There is renewed global interest in the moon. India must leverage its space legacy to gain lunar advantage. The launch of Chandrayaan-2 coincides with the 50th anniversary of the first man landing on the moon.

India’s most ambitious space mission to date, Chandrayaan 2, is set for lift off next week and promises to make India the fourth country to soft-land a vehicle on the moon. Only the US, Russia and China have done that before. For India, more than symbolism is at stake in the success of Chandrayaan-2.

As outer space re-emerges as an arena for exciting scientific exploration and major technological innovation, India, as one of the earliest space faring nations, must necessarily be in the vanguard. At the same time, Chandrayaan is also about India carving out a potential niche for itself in the unfolding geopolitical scramble for the moon.

The launch of Chandrayaan-2 coincides with the 50th anniversary of the first man landing on the moon. In the five decades following America’s Apollo 11 mission that got astronauts Neil Armstrong and Buzz Aldrin walking on the moon, just 10 others have roamed the surface of earth’s satellite. All of them have been American men.

The next few years are likely to see men returning to the moon and women joining them. A lot of them will be non-Americans. Many of them will be Chinese and, hopefully, some of them Indian. The Europeans, Russians, Japanese and many others are also joining the moon scrum.

Soon after the first landing, the exorbitant costs of the Apollo programme led to its shut down. The last human (and American) landing was by Apollo 17 in December 1972. Recent years, however, have seen the revival of the worldwide interest in the moon.

During the Cold War, scientific prestige and claims for superior soft power drove America and Russia towards the moon. Today, commercial and strategic objectives are among the reasons propelling a new moon race among the nations. The race is not about repeating what Americans did half a century ago on the moon. It is about establishing a sustainable human presence on the moon. A lot of the hard work will be done by robots.

Finding water resources on the moon, then, has become the key to a credible long-term engagement with the Earth’s satellite. Some of the most inviting real estate from that perspective are near the moon’s north and south poles. Most of the current moon-landing missions are aiming for the poles. So is India’s Chandrayaan 2. If all goes well, Chandrayaan 2 will deliver India’s Vikram lander and Pragyan rover to the moon’s south polar region.

While Indians will be proud to see their national flag on the moon, the world’s missions to the moon are increasingly collaborative. Space is one arena that saw America and Russia collaborate even during the worst years of the Cold War. Although the logic of international cooperation on the moon is more compelling than ever, competition too is becoming an unfortunate reality as countries jockey for unilateral gains on the moon.

Meanwhile, many private corporations have big plans to exploit the moon for commercial profit. To make matters worse, there are many ambiguities in the current international law on outer space that could encourage nations and companies to seek first-mover advantage on the moon.

At present, Beijing has one of the most advanced moon programmes. Its Chang’e missions, named after the Chinese moon goddess, began in 2007. Since then, China has put two spacecraft in lunar orbit (Chang’e-1 and 2) and landed two rovers on the moon (Chang’e 3 and 4). Chang’e 4 had the distinction of being the first landing on the far side of the moon that can’t be seen from the earth.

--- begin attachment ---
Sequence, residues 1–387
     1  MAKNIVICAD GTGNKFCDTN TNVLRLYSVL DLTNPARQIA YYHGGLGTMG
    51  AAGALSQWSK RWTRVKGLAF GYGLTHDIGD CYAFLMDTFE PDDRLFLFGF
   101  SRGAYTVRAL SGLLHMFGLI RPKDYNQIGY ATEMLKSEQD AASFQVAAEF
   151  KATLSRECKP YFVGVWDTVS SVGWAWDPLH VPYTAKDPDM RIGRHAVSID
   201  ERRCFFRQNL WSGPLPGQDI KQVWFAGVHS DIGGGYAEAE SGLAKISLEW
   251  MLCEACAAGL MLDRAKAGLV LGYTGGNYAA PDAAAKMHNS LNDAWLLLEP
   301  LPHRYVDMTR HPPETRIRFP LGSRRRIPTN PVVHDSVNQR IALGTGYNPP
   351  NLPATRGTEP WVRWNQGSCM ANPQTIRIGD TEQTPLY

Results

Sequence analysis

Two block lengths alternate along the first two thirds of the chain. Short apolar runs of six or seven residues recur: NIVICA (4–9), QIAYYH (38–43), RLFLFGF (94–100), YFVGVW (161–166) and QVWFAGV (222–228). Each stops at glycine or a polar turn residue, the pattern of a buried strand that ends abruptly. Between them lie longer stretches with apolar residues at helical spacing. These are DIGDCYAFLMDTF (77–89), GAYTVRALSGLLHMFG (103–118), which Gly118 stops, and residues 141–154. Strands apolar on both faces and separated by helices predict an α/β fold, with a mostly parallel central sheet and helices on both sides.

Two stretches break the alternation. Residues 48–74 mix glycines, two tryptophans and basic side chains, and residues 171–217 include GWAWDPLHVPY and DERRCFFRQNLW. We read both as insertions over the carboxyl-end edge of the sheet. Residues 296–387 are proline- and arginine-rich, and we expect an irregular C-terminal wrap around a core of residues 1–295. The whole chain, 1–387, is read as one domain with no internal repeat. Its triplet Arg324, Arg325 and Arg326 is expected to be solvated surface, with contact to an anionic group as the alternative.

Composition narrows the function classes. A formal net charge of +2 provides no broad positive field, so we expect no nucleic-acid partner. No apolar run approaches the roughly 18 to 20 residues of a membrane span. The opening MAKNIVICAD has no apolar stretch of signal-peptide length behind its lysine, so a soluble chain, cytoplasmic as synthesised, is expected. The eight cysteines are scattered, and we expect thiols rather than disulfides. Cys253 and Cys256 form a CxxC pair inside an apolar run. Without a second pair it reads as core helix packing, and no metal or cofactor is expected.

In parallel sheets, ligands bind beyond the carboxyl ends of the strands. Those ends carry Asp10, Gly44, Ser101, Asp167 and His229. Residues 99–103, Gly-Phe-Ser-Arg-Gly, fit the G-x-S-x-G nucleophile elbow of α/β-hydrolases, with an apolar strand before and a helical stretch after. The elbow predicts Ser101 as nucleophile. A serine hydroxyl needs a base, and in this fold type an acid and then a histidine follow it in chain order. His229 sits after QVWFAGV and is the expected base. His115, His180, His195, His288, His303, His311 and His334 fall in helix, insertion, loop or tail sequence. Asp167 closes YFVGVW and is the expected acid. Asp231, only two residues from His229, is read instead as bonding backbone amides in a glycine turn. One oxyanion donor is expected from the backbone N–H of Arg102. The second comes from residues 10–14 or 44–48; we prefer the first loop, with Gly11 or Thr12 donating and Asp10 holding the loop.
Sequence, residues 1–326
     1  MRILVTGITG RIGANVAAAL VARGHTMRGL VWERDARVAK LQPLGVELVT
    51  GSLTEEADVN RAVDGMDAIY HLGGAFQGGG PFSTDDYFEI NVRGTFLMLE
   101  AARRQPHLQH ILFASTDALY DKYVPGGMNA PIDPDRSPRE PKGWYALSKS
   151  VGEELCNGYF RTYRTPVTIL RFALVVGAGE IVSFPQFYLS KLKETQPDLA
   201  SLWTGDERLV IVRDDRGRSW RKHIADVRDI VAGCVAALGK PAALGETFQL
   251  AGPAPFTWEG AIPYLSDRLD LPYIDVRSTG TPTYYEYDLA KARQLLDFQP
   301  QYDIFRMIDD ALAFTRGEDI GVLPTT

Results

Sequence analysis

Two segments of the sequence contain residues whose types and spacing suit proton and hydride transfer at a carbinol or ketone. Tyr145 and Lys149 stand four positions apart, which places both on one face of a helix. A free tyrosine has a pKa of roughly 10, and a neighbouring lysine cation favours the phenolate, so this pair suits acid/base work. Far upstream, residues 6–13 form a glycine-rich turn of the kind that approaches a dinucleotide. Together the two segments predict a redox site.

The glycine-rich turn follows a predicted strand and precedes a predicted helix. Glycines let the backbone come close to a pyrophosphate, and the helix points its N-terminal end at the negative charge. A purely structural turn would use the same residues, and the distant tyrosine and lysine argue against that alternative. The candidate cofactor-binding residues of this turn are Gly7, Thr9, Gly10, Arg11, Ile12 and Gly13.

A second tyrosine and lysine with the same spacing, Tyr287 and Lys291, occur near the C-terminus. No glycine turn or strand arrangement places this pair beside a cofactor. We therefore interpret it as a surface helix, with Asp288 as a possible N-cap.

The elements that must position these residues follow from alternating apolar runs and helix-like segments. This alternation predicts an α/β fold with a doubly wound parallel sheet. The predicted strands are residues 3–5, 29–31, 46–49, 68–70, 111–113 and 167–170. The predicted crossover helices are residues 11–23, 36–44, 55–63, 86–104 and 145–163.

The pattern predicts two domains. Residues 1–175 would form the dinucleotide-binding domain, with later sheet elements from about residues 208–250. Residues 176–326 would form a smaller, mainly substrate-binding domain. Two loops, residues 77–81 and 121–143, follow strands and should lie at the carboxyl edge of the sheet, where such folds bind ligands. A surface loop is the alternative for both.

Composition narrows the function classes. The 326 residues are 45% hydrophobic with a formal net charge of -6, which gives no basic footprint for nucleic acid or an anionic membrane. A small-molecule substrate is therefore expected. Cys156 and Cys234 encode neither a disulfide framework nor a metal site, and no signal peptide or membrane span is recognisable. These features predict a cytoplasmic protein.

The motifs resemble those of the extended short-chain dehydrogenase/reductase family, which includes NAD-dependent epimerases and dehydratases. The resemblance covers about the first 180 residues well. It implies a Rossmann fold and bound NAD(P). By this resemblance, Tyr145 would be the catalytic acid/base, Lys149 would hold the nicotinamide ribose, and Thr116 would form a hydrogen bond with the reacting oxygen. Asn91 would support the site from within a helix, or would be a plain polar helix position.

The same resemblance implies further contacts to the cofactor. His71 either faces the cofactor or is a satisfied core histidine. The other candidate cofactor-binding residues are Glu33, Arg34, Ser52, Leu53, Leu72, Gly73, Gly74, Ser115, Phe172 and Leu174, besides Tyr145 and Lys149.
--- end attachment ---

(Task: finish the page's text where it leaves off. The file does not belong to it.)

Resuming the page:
Beijing has sent a prototype capsule (Chang’e-5-T1) to rehearse bringing lunar material back to the earth. Chang’e 5, set for launch later this year, will do precisely that. China is expected to land crews to the moon in the early 2030s. The US, which turned its back on the moon in the early 1970s, has announced plans to return. In a major speech earlier this year, the US vice-president Mike Pence, declared the intent to land Americans back on the moon in 2024. Many experts believe that might be an unrealistic ambition. The plans of US National Aerospace Administration had been looking at 2028 for such a mission.

Pence’s motivation in accelerating American moon plans is based on the sense that China might be about to capture the pole position in the Moon race. “Urgency must be the watchword”, Pence told the US National Space Council in March this year. Like in so many other areas of technology, Washington is now trying to push back against China’s challenge to the extended American dominance in outer space.

But the US private companies, which have brought great innovation to outer space technologies, are ramping up their ambitions for the moon. Amazon’s Jeff Bezos wants to land crews on the Moon in the next five years. Tesla, Moon Express and Astrobotic Technology are other US companies aiming for the moon. While the target dates might slip, there is no doubt about the direction. The moon will see more and more of humans, from states as well as corporations.

India played an important role in the 1960s in drafting modern international law applicable to outer space and the moon. That role was rooted not in India’s weight as a space power. Strong interest in issues relating to technology and international law, political enthusiasm for international scientific cooperation and some diplomatic influence in the United Nations helped India insert itself into the global debate on outer space. Today India needs something more — an ambitious and successful lunar programme — to shape the new rules of the road for the moon.